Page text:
A search committee has recommended four candidates for D.C. school superintendent: a former airline executive, the school superintendent in Syracuse, N.Y., and former schools chiefs in New York City and Long Beach, Calif., according to people close to the process.
D.C. school board President Peggy Cooper Cafritz confirmed yesterday that former New York City schools chancellor Rudolph F. Crew, former Long Beach superintendent Carl A. Cohn and former airline executive Candy Lee are under consideration for the District post.
Other sources said Stephen C. Jones, the Syracuse superintendent, also was recommended. The sources spoke on condition they not be identified, saying they had been instructed not to talk publicly about the search process.
The names have been forwarded to an education "collaborative" that includes school board members and city officials. That panel is to recommend one or more candidates to the school board for final approval. Cafritz, who is on both the search committee and the collaborative, said Crew, Cohn and Lee are among "a number" of candidates still being considered. She declined to identify the others.
Several people who served on the superintendent search committee, which included school board members, city officials and community leaders, said they were pleased with the quality of candidates.
"I thought that they were very strong candidates," said Darlene Allen, head of the Congress of PTAs and a member of the search committee. "I actually was pleasantly surprised. With all the newspaper headlines with the state and the condition of the D.C. public schools, I was worried we would not be able to attract quality candidates, and I believe that they are quality candidates."
The city is trying to find a replacement for Paul L. Vance, who resigned in November. The 64,200-student school system suffers from a number of problems, including test scores that are among the lowest in the nation.
The search process has been conducted behind closed doors, and participants have said that releasing the names of candidates could jeopardize their current jobs. The search committee conducted interviews Friday and Saturday at the Phoenix Park Hotel in Northwest Washington.
The most well-known name on the list of candidates forwarded by the committee is Crew, who served as New York chancellor from 1995 to 1999, when he was dismissed by the school board. Crew, who was said to be traveling yesterday and did not return messages, is now an official at the Stupski Foundation, where he works with school districts and other groups to advance school reforms.
The New York school board dismissed Crew by a vote of 4 to 3, a move that was supported by then-Mayor Rudolph W. Giuliani. Relations between Crew and Giuliani had soured after Crew opposed the mayor's call for education vouchers. Among Crew's accomplishments were ending the practice of social promotion; setting new academic standards; and pushing for a new state law that gave him more authority in approving budgets and hiring and firing staff.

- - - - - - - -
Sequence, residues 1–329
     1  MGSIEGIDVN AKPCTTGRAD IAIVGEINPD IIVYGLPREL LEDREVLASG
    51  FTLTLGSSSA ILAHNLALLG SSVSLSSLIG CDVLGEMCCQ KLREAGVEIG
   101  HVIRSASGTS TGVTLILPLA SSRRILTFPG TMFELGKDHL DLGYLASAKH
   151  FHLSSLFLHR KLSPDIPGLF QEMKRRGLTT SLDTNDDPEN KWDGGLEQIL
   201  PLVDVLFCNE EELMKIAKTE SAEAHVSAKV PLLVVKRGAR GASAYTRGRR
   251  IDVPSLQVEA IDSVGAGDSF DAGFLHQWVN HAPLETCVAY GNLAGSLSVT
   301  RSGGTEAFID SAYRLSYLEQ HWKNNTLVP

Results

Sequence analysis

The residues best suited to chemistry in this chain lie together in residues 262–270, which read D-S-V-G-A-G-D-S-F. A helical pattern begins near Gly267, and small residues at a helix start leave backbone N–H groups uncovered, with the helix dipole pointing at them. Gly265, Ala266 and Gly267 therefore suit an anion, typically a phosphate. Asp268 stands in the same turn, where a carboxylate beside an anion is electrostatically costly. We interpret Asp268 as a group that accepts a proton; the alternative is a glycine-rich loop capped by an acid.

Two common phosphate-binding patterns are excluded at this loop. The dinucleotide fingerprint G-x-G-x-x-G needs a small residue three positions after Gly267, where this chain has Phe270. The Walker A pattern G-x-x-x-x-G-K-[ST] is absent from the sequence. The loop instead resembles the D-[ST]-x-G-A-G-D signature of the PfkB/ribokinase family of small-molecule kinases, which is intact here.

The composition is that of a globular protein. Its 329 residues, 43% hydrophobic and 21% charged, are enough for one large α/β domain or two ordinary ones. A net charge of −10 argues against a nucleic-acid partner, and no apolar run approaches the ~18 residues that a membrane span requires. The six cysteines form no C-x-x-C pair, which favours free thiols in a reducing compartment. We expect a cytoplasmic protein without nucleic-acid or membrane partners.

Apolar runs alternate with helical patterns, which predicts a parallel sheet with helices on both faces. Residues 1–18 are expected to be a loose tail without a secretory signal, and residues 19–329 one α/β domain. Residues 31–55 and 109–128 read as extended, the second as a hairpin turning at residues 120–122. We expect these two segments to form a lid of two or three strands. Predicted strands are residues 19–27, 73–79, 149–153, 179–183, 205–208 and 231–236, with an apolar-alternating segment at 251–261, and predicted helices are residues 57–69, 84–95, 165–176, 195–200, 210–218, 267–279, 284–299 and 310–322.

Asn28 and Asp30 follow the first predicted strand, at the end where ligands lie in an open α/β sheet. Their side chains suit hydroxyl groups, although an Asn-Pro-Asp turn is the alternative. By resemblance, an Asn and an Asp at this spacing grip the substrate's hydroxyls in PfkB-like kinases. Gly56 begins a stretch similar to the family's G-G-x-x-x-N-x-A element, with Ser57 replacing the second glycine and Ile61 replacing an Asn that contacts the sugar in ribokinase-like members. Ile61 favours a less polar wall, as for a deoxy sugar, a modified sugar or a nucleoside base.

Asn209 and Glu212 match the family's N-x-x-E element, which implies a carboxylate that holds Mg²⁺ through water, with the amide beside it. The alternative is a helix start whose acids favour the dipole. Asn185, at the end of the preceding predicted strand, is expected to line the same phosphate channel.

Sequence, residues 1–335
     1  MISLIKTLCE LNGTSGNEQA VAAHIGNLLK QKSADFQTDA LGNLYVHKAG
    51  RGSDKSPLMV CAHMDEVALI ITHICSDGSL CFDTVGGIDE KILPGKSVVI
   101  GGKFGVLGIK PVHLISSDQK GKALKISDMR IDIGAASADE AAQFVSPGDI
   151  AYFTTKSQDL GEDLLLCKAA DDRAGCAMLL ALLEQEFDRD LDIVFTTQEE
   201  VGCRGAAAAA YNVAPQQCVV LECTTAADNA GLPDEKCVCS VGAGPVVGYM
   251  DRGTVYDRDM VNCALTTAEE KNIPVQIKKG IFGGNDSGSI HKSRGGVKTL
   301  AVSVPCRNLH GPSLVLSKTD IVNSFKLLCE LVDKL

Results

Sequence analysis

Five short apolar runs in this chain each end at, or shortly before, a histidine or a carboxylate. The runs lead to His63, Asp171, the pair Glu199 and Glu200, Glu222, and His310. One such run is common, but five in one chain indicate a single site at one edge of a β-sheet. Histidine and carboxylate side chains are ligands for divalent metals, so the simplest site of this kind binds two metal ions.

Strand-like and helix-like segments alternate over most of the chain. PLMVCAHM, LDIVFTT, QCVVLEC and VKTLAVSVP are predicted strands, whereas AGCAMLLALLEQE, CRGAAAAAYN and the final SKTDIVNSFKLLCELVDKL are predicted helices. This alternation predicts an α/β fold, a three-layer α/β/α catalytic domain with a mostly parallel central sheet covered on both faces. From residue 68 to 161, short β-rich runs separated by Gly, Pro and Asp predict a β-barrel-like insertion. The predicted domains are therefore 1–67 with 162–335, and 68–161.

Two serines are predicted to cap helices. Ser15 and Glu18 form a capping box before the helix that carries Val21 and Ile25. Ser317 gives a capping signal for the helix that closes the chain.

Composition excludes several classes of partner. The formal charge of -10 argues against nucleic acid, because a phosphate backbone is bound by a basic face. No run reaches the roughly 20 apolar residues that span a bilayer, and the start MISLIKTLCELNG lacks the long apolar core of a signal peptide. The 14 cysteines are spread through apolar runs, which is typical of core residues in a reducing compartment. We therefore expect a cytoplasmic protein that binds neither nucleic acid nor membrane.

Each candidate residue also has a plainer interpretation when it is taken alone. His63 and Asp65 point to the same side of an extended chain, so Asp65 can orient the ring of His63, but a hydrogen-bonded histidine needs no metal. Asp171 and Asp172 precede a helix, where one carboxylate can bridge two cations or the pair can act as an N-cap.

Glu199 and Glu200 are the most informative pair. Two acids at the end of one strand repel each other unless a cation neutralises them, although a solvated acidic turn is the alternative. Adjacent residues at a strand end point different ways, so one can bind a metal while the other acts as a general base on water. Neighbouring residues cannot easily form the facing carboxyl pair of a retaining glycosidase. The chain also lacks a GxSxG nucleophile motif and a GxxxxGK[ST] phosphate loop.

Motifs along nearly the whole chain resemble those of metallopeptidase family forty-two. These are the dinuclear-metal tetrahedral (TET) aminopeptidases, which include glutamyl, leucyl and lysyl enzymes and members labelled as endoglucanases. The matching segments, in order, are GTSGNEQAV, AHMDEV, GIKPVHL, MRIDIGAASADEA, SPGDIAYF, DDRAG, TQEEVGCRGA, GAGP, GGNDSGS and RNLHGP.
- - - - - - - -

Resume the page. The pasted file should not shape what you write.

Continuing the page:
Crew also has been considering the top schools jobs in St. Louis and Miami-Dade County. But on Monday, the St. Louis school system announced that Crew had turned down its offer. Crew was quoted in yesterday's Miami Herald as saying he had narrowed his choices to the District and Miami-Dade, which has offered Crew the schools job.
Jones, the Syracuse superintendent, said in an interview yesterday that he did not have an interest "at this point" in the District job.
But he added: "I have an interest in several districts, to be very blunt with you, and I'm looking at those possibilities." Later, he said he planned to continue in his current job.
Jones has served as superintendent of the Syracuse City School District since 1999. He previously was a top administrator in the Baltimore County school system.
Lee, who did not return phone calls, served as president of United Airlines Loyalty Services, a collection of consumer-focused businesses, including the airline's frequent-flier program. A news release from the airline last year said she was leaving the company. A United spokeswoman, citing company personnel policies, said yesterday that she could not say when Lee left.
Lee is a student at the Broad Center for the Management of School Systems, which holds weekend classes on school management issues. According to information on that program's Web site, Lee previously served as president and chief executive of Troll Communications, which provides educational materials.
Cohn served as superintendent of Long Beach schools from 1992 to 2002 and won national praise for improving student achievement and increasing attendance. Cohn, who did not return calls yesterday, is now a professor at the University of Southern California and works as a school consultant.
Staff researcher Bobbye Pratt contributed to this report.